I’ve been planning my solar eclipse trip for next month, working out where I want to view it and a couple of backup locations if my first choice has bad weather. Because I can drive down to southern Illinois (or Indiana or Kentucky) the morning of the eclipse, I don’t have to worry about getting a hotel—and a good thing, because it’s way too late for that.

I’ve played with a few interactive eclipse maps, and for my money the easiest to use is this one from NASA. It’s based on Google Maps, so you can zoom in and switch between map and aerial views using familiar tools. Clicking a spot on the map brings up a nice popup with all the time and directional information you’re likely to need.

Eclipse info popup

There’s a similar interactive map for the 2024 eclipse, which I hope to see, too. I soon realized that there’s a spot at which the central lines of both eclipses—the lines along which the totality lasts the longest—intersect. Weather permitting, you could park yourself at the same spot to be on the central line for both eclipses. I decided to find that spot.

The proper way to do this, I think, would be to dig into the source code for both pages and figure out a way to get both paths on the same map. I took the easy way out, taking screenshots of both maps and combining them on separate layers in Acorn, giving the top layer some transparency to let the bottom layer show through.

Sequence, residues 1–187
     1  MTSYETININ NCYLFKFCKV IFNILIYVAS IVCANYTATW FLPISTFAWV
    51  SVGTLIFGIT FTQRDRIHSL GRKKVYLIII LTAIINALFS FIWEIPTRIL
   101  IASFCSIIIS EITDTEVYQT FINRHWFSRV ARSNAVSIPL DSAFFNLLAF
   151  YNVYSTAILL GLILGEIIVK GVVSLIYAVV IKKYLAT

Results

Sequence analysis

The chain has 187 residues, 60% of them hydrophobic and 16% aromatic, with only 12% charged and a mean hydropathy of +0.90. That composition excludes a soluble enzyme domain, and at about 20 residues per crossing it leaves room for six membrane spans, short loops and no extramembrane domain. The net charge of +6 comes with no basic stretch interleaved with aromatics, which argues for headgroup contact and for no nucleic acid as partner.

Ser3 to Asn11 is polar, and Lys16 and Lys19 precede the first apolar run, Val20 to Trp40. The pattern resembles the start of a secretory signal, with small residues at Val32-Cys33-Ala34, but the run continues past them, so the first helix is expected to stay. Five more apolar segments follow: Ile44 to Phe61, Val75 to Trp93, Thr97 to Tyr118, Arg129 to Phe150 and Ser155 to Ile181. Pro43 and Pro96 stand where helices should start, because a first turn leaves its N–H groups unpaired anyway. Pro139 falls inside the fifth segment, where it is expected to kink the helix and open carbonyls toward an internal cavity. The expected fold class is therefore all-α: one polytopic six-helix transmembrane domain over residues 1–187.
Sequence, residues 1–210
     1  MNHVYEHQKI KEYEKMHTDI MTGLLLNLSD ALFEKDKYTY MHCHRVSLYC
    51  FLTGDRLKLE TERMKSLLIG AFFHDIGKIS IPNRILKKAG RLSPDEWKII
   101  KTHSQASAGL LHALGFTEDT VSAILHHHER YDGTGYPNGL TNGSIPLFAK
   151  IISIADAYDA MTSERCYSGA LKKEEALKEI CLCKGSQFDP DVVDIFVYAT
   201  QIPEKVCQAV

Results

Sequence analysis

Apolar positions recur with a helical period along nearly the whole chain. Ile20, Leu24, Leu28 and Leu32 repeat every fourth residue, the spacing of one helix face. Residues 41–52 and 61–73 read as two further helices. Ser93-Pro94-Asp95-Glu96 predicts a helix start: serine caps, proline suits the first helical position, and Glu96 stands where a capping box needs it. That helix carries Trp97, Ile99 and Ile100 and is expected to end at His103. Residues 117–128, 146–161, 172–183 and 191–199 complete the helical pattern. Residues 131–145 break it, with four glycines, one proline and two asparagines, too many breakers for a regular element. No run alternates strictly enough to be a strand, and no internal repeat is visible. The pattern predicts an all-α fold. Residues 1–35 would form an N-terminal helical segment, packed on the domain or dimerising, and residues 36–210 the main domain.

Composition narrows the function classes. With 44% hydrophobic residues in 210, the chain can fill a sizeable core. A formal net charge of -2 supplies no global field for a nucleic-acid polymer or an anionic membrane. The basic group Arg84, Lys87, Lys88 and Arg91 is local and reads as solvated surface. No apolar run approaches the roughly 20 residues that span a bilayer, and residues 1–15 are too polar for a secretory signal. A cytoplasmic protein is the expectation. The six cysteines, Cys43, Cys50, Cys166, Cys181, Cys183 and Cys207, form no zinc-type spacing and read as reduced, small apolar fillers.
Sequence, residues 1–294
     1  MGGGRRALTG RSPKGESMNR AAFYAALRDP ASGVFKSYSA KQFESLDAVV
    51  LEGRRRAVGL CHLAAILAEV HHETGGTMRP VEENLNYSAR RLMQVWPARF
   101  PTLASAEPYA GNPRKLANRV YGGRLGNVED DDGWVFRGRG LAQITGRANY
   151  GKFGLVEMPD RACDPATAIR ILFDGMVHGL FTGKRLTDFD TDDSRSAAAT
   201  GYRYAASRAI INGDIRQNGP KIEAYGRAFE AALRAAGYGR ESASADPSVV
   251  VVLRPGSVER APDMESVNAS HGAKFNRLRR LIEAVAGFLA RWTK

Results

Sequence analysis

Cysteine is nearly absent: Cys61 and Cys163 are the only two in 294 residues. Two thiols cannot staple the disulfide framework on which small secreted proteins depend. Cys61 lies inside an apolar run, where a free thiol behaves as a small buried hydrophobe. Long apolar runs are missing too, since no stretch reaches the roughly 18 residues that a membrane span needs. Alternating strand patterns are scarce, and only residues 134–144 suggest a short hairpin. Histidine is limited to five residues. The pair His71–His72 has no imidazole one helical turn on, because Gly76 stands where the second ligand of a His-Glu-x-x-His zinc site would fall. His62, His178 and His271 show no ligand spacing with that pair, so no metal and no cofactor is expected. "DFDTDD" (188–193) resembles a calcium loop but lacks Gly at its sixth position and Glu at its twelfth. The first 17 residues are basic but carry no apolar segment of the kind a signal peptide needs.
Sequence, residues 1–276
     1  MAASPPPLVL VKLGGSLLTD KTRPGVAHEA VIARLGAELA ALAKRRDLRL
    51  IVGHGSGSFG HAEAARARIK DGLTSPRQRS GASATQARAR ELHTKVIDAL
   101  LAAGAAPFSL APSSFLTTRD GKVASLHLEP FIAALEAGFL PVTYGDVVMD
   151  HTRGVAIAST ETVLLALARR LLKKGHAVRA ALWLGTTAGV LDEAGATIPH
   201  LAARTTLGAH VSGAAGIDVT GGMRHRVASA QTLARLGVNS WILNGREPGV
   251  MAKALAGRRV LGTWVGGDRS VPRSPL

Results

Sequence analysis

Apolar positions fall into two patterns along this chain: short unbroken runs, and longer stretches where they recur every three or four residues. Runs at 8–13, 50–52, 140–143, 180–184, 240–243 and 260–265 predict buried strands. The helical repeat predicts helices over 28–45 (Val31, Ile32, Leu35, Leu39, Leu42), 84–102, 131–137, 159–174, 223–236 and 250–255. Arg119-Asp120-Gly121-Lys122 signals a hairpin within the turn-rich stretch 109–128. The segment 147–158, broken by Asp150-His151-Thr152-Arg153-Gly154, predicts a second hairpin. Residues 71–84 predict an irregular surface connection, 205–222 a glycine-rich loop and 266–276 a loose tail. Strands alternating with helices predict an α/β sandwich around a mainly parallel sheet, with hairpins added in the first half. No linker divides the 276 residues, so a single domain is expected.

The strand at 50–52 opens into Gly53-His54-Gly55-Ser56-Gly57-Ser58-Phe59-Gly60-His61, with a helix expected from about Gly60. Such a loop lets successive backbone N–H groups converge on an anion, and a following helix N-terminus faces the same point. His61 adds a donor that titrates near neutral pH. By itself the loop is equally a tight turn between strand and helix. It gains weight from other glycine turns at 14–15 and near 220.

Here’s the map of the general area in southern Illinois.

Two eclipse paths 1

You can see why Carbondale is touting itself as Eclipse Central, but let’s zoom in a little closer.

Two eclipse paths 2

Looks like the intersection is on the shore of Cedar Lake in the Shawnee National Forest, which stretches across a big chunk of southern Illinois. Let’s move in a little closer and switch to an aerial view.

Two eclipse paths 3

And maybe a little closer.

Two eclipse paths 4

So the actual intersection point won’t be very good for viewing unless you’re willing to climb a tree. But sitting in boat offshore would work out nicely.